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            Nausea and vomiting of pregnancy: using the 24-hour Pregnancy-Unique Quantification of Emesis (PUQE-24) scale.

            With up to 80% of pregnant women experiencing nausea and vomiting of pregnancy (NVP), it is critical to have a graded scale of its severity as a guide for appropriate treatment. In 2002 we introduced the Pregnancy-Unique Quantification of Emesis (PUQE) scoring system, which assessed the severity of nausea and vomiting in pregnancy (NVP) based on three physical symptoms: nausea, vomiting, and retching over the previous 12 hours. We present here validation of an extension of the original PUQE, by assessing NVP over 24 hours. This extension is deemed more clinically relevant, because assessment of symptoms over only 12 hours may encompass sleeping hours and hence may not adequately capture the length and severity of the symptoms. In this study we assessed the external validity of the new PUQE-24 by examining its ability to evaluate several characteristics associated with NVP: (a) ability to take multivitamin supplements; (b) rates of hospitalization and emergency room visits for severe symptoms; (c) sleep patterns; (d) liquid intake; and (e) the woman's self-rated well-being scores. Data collected prospectively from 315 women counselled via the Motherisk NVP line were used for the validation. PUQE-24 showed strong correlation with all parameters examined except for sleep patterns and hydration status. The well-being score, however, correlated significantly with hydration status. Capturing 24 hours rather than 12 hours of symptoms may better direct management of NVP and predict its outcome.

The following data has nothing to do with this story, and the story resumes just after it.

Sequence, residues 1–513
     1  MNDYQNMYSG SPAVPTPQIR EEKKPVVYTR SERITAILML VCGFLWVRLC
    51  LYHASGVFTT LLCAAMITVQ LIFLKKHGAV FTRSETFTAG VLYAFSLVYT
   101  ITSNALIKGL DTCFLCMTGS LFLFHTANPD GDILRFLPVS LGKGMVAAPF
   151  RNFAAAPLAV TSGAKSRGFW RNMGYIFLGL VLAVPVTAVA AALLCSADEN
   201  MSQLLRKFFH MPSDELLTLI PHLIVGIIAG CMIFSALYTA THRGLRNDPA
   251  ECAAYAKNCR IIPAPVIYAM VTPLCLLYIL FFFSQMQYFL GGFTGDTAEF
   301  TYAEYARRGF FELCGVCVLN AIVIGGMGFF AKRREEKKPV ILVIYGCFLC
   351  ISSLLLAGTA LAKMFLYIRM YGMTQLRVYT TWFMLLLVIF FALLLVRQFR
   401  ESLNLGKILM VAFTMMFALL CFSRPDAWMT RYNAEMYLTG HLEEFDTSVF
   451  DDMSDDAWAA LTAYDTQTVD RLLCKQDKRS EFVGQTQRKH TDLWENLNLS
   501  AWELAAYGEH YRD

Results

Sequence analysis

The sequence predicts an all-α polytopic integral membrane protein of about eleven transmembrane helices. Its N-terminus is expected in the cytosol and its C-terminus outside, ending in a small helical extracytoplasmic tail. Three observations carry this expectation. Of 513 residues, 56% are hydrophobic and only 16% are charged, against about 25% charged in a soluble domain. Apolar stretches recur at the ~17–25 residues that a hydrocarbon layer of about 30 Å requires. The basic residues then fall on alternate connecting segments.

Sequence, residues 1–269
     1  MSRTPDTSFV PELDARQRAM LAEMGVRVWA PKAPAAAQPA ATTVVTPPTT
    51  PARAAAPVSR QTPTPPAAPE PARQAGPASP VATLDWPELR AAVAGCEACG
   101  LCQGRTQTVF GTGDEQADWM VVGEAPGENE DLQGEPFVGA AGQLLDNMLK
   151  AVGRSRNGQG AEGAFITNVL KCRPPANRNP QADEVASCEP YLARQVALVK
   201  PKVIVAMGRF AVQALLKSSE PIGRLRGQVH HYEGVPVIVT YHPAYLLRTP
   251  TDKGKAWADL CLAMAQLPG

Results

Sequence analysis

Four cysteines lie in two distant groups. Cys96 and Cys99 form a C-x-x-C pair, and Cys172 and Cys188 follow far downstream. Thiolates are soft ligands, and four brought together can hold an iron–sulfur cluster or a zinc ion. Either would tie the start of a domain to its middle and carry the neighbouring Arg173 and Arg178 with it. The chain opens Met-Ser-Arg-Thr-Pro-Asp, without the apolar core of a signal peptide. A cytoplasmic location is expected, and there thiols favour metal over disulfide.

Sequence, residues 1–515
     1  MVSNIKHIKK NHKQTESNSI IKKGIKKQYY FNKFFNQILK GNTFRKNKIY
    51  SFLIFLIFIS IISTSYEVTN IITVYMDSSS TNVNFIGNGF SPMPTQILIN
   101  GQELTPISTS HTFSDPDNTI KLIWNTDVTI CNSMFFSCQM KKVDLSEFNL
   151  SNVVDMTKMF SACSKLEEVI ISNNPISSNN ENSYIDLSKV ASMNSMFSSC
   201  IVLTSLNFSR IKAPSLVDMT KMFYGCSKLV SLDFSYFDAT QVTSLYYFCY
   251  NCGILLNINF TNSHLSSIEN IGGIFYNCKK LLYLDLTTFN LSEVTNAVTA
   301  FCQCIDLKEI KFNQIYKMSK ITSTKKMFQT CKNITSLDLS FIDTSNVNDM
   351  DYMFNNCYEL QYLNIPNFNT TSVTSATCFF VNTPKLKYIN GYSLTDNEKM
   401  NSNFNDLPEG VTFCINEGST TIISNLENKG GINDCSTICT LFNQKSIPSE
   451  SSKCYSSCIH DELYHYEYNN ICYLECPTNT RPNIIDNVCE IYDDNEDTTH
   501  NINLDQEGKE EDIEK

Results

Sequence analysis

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              Treatment of nausea and vomiting in pregnancy: an updated algorithm.

              QUESTIONMy patient has severe nausea and vomiting of pregnancy (NVP). I am having difficulty treating her, as nothing she has tried so far has been really effective. I heard that there is some new information regarding the treatment of this condition.ANSWEREven a less severe case of NVP can have serious adverse effects on the quality of a woman's life, affecting her occupational, social, and domestic functioning, and her general well-being; therefore, it is very important to treat this condition appropriately and effectively. There are safe and effective treatments available. We have updated Motherisk's NVP algorithm to include recent relevant published data, and we describe some other strategies that deal with secondary symptoms related to NVP.

                Author and article information

                Obstet Gynecol Int
                Obstet Gynecol Int
                Obstetrics and Gynecology International
                Hindawi Publishing Corporation
                15 April 2013
                : 2013
                The Motherisk Program, Division of Clinical Pharmacology/Toxicology, The Hospital for Sick Children, The University of Toronto, 555 University Avenue, Toronto, ON, Canada M5G 1X8
                Author notes

                Academic Editor: Gian Carlo Di Renzo

                Copyright © 2013 Svetlana Madjunkova et al.

                This is an open access article distributed under the Creative Commons Attribution License, which permits unrestricted use, distribution, and reproduction in any medium, provided the original work is properly cited.

                Research Article

                Obstetrics & Gynecology